Sunday, June 26, 2011

Corpus Christi Festival, Buying Furniture, MagicJack Down

Yesterday Sharon and I ate breakfast at "The Kook" and walked to the New Cathedral to see some of the Food Vendors for the Corpus Christi Festival which runs for over a week. We are far enough from El Centro to avoid hearing the nightly fireworks.

We walked to TuKasa a fantastic furniture store to buy a desk and chair for my office.  My Spanish and the owners English were on the same level. Price negotiations were fun with colorful charades mixed in.  We quickly arrived at a mutually acceptable price and delivery was immediate with a ride back home in the owner's pickup and a kiss on the cheek (Ecuadorian custom) from the owner's wife.  Great furniture, good prices and instant delivery --- Fantastico

I highly recommend Skype and MagicJack to every one retiring to a foreign country . Skype allows video calls and MagicJack provides free phone calls to the US with a local # for $40 the first year and $20 every year after.  Today my MagicJack has no sound on outgoing calls. Customer support via text chat proved useless.  We feel a tad isolated now without a direct dial to the US.  My guess is that I'll find the solution in a couple of days on some support bulletin board online.

Mas tarde.

Tuesday, June 21, 2011

La Italiana Factory Tour

The Cuenca Chamber Of Commerce arranged a tour of La Italiana Meat and Sausage Factory.  Cameras weren't allowed outside the conference room so the video is only of our group putting on our hair nets and jackets.

La Italiana is one of Cuenca's largest employers. There were over 400 people at the plant and they have 4 additional retail locations and export their products all over South America, Europe and Africa. The factory produces 3 tons of meat products a week.

We observed the meat cutting, the sausage making and the cooking and packaging of the product. I was very impressed with the cleanliness and efficiency of the plant.  We were treated to a snack of ham and cheese and a souvenir hat.

Thursday, June 16, 2011

Coopera Health Insurance

I took the #19 Bus to the Coopera headquarters in San Jacquin.  I signed up for their health insurance program which includes visits to the doctor and dentist.  The copay is $2 for both the doctor and the dentist. The doctor is fluent in English.  On the walk back to the apartment I encountered a talented juggler.

Wednesday, June 15, 2011

Cuenca Chamber Of Commerce Trip To Artesa

The Cuenca Chamber Of Commerce sponsored a tour of the Artesa Ceramic Factory.  About 15 expats toured the facility located near Turi.  We were able to see the creation process before they become collector's pieces in the showroom.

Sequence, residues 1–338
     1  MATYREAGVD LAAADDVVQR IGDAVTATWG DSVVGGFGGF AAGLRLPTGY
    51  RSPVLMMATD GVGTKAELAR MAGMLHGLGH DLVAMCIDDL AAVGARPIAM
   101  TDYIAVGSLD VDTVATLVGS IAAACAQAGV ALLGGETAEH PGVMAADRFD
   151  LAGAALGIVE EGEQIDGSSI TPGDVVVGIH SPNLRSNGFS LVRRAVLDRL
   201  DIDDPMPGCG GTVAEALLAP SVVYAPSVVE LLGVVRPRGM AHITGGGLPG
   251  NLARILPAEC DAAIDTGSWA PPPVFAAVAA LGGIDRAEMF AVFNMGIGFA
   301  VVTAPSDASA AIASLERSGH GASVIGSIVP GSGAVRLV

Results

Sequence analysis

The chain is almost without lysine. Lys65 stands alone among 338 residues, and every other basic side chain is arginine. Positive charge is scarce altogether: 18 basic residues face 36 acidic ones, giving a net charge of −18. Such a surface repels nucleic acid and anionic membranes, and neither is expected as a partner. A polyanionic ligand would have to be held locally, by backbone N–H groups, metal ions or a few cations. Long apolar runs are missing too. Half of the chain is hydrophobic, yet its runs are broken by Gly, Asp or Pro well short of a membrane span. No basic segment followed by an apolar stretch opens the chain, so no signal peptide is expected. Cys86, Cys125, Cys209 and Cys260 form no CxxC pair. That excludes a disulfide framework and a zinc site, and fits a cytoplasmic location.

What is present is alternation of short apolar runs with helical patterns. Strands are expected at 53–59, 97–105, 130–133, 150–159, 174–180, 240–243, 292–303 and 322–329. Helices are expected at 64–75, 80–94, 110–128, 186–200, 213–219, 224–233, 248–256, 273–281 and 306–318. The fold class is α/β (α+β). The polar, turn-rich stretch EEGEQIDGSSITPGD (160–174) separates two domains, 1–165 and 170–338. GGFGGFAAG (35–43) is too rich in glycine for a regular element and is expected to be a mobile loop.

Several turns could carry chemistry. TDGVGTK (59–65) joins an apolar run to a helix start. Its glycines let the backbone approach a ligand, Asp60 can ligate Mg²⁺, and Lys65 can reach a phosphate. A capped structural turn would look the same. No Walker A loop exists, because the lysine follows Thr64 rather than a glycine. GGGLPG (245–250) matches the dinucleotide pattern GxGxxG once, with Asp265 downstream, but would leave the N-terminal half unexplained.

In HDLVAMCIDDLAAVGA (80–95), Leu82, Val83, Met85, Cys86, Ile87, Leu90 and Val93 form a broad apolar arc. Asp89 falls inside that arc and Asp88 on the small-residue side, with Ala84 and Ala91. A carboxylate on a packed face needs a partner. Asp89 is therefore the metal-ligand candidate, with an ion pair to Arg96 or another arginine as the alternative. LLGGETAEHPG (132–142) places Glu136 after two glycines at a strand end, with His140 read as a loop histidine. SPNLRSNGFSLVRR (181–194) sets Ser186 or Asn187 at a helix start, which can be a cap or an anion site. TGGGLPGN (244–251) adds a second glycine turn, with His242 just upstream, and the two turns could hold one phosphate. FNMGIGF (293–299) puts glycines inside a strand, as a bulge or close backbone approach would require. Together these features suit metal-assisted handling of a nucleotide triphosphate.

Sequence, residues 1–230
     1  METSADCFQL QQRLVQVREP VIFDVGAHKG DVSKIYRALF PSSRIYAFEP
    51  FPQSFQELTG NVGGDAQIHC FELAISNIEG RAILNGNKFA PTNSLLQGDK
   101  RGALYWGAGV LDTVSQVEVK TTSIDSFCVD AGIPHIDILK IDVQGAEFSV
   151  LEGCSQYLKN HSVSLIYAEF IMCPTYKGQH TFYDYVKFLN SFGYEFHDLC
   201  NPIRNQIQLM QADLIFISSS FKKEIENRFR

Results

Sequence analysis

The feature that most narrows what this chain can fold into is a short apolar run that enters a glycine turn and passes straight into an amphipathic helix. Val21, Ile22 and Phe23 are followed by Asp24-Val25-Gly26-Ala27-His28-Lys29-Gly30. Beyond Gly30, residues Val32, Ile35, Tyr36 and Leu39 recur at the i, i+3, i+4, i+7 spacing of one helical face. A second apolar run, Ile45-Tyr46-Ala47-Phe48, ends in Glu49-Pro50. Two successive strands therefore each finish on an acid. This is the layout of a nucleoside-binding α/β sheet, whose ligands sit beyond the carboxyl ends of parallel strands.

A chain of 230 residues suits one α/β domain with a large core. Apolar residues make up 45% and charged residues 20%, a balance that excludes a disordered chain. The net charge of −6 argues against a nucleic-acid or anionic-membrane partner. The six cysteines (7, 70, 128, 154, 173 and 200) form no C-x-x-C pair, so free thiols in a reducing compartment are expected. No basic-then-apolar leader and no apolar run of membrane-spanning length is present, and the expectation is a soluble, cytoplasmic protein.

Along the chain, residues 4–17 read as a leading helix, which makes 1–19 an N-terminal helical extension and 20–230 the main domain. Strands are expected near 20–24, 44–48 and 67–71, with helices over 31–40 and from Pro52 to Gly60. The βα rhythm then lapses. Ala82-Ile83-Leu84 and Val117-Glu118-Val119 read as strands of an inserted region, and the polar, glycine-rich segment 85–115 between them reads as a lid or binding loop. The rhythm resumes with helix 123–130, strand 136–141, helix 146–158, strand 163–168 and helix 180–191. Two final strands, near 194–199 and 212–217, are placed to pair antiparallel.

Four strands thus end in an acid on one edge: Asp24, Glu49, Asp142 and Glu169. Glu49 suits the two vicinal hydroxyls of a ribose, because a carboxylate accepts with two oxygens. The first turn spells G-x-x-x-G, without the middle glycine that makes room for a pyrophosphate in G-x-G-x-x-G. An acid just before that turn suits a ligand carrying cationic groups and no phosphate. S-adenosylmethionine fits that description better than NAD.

Monday, June 13, 2011

Ramps In Cuenca Are Not For Sissies

I met a new ex pat friend (Gerard) at Tres Puentes and he took me on his walking route. He usually goes up and down some steep stairs in El Centro and even took me on a steep ramp. The real reward was a stop at a special Hostal where they serve the best espresso in Cuenca. I'll post that location when I do a video review of great hostals and coffee.

After dropping him off at his home I walked home via the Yanuncay River. When I was just about to enter my apartment I saw an Indigenous woman pawing through the building garbage. This poverty and necessity to go through the building garbage upset me. I will ask some of my new Cuencano friends about this incident.

Saturday, June 11, 2011

One Month In Cuenca

One month ago Sharon, Feisty ( our 16 year old cat) and I arrived from Oregon. Two weeks ago we moved to our permanent apartment on PriMaro de Mayo and everyone is thriving. Feisty has gained a pound and both Sharon and I have lost a couple of pounds.

We have met some wonderful new Cuencano friends and several expats. We took a day trip to Paute and had a typical Ecuadorian Almuerzo.  Both Sharon and I have started Spanish lessons and joined Coopera,  the local food cooperative.  Skype and magic jack are working in our new apartment and we have been able to communicate with Portland, Or. Caldwell, Id and San Diego, Ca.

I walk everyday to El Centro (Old Town) which is about a 4 mile round trip. Everyday I try to practice my Spanish on the local merchants. Marcello, the local baker and I have expanded our conversation to the local politics and the traffic patterns on our street.

I'm enjoying taking my Kodak camcorder with me and I'm never in short supply of great material.  Today's video is of a local street entertainer. He juggles bowling pins and his hat while he is on his extra tall unicyle.  That's the easy part. He then has to dodge buses and taxi drivers.

So far we have been adapting to the new culture in Cuenca. The local people are very warm an inviting, the weather has been fantastic and the new diet especially the delicious local fruit and vegetables has made this a great first month. 

Friday, June 10, 2011

Gallinas, Cuy Y Arpa

On my daily walk I passed a marketplace where local people were selling hens and guinea pigs.  Cuy is a delicacy in Ecuador. Half way back to my apartment in front of the Old Cathedral (built in 1557) there was a harpist playing for the crowd.

I walked to the local mall and used my camcorder to record the Tarqui River which is 3 kilomenters from my apartment. Cuenca has 4 rivers that travel through the city. These are quite small when it is dry but move quite quickly after each rainfall.

The Big Bang Theory

The Big Bang Theory is our family's favorite TV Show.  We have not purchased a TV in Cuenca and we were having withdrawal pains from not seeing "Sheldon and the boys". Yesterday on my walk into El Centro I stopped off at a local Video Shop across the street from the Gran Columbia Church.  I purchased the complete series for Season Two and Three. Before the Video Shop visit I toured the Flower Market across the street from the famous New Cathedral